8 places to get delicious dumplings
Grab your utensils and let’s get dippin’.
Consider, if you will, the humble dumpling. Like the taco, the sandwich and the pizza, it’s a blank culinary canvas, a flour-based package into which almost any ingredients you can imagine can be tucked, then (in the case of the dumpling, at least) steamed, fried or boiled to tender perfection. Cultures from around the world have embraced this universe of possibilities, and thanks to a fine set of purveyors right here in Madison, you can take your own world tour of delicious dumplings. Grab your utensils and let’s get dippin’.
Places with asterisks are open for delivery or takeout.
Chen’s Dumpling House*
Tucked quietly into the heart of State Street, Chen’s leans into the traditional role of the Chinese dumpling — or jiaozi — in that country’s illustrious history. Who knew that dumplings looked like Han Dynasty-era gold ingots? Or that eating them supposedly brings good fortune? The go-to here is the Xiao Long Bao, a six-pack of tender steamed pork dumplings that come to life when paired with a zingy ginger-vinegar sauce. Seven other offerings dot the menu, including several vegetable-based options and crabmeat soup dumplings, for those looking to warm up with broth-filled dumplings. 505 State St., 709-5888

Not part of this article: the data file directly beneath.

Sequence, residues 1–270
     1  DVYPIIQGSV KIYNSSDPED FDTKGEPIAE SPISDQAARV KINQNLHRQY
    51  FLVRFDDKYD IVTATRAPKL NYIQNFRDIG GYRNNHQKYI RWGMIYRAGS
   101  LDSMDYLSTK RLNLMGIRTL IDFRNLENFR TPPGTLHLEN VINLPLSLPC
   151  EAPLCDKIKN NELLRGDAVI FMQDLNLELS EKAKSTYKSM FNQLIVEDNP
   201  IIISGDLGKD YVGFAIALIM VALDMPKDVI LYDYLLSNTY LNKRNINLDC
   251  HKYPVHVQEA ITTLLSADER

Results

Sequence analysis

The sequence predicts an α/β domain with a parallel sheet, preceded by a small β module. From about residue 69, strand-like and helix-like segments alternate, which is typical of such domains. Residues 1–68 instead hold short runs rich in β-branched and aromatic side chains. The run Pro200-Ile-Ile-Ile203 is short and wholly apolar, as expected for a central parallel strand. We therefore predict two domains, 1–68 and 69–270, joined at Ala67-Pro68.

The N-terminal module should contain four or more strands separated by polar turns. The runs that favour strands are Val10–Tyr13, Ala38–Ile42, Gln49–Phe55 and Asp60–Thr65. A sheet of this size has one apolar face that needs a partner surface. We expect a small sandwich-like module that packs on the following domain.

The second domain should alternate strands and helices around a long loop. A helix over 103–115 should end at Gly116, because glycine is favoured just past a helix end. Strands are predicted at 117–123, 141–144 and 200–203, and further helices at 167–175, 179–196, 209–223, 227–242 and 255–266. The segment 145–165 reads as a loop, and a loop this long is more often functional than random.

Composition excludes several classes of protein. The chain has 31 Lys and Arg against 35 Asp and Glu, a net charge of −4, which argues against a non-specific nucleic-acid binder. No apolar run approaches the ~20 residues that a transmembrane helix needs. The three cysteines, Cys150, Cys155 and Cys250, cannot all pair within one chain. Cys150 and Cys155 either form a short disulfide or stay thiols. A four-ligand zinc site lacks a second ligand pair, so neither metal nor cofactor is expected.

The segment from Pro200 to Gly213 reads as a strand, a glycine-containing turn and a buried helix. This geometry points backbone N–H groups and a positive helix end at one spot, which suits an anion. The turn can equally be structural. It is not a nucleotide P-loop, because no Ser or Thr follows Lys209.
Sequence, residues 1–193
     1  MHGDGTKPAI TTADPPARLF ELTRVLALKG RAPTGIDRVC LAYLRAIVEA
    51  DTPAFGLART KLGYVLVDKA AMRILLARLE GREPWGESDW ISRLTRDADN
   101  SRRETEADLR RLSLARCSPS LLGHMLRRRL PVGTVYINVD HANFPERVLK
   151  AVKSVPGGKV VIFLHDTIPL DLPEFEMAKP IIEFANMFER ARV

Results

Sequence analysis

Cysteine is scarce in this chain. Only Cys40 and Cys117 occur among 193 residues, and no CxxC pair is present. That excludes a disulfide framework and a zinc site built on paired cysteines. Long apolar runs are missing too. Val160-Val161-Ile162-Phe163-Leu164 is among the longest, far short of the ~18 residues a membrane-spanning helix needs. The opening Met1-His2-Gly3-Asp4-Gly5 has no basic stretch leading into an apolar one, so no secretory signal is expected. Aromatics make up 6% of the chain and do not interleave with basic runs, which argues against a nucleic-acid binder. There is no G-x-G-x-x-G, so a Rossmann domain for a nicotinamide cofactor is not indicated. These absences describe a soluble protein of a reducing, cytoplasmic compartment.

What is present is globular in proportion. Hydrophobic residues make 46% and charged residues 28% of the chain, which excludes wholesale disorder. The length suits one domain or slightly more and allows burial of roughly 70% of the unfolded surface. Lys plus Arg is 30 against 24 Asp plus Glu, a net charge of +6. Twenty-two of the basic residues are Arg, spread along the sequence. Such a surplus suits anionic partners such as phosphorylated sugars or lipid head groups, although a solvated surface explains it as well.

Chef Jenny Yin puts a ridiculous amount of craft and hands-on care into her dumplings and baozi, which are pleated little buns leavened with sugar and stuffed with everything from the traditional pork and napa cabbage to a taco bao punched up with beef or pork, cilantro, onions and hoisin sauce. Yin has had more than three decades to hone her skills, and it shows in every bite. Best of all, if your timing is right, you can watch her create her soon-to-be-steamed masterpieces yourself. Tip: Save room for dessert. Steamed bao filled with Nutella or creamy egg custard are not to be missed. 540 N. Midvale Blvd., 661-4287
Sometimes it’s about what’s inside the dumpling. Sometimes it’s about the sauce. With Himal Chuli’s take on the Tibetan/Nepalese delicacy known as momocho, or momo, it’s about both. The steamed momos at this State Street staple are filled with a spicy peanut paste and a tomato-coriander sauce in order to create a filling entree that’ll have you reordering several times a week. In a sense, it’s like a Himalayan version of Sa-Bai Thong’s seeda longsong — a steamed broccoli dish with peanut sauce — and traditional Italian pasta and sauce. Now that’s worldly. 318 State St., 251-9225
Paul Schwoerer understands the magic necessary to turn the basic into the unforgettable. He offers exactly three types of Russian-style pel’meni at his cozy Gilman Street locale, and the made-from-scratch wraps are simply filled with ground beef, potato or a combination of both. The toppings are where the pyrotechnics sizzle: Devotees of Paul’s Pel’meni know to opt for “The Works,” a delicious combo of curry, chili sauce, butter and cilantro served with a side of sour cream. And be particular about your utensil: “Eat ’em with a spoon so you can get a little of that sauce,” Schwoerer says. “That’s the way to do it.” 414 W. Gilman St., 442-3234
SoHo Gourmet Cuisines*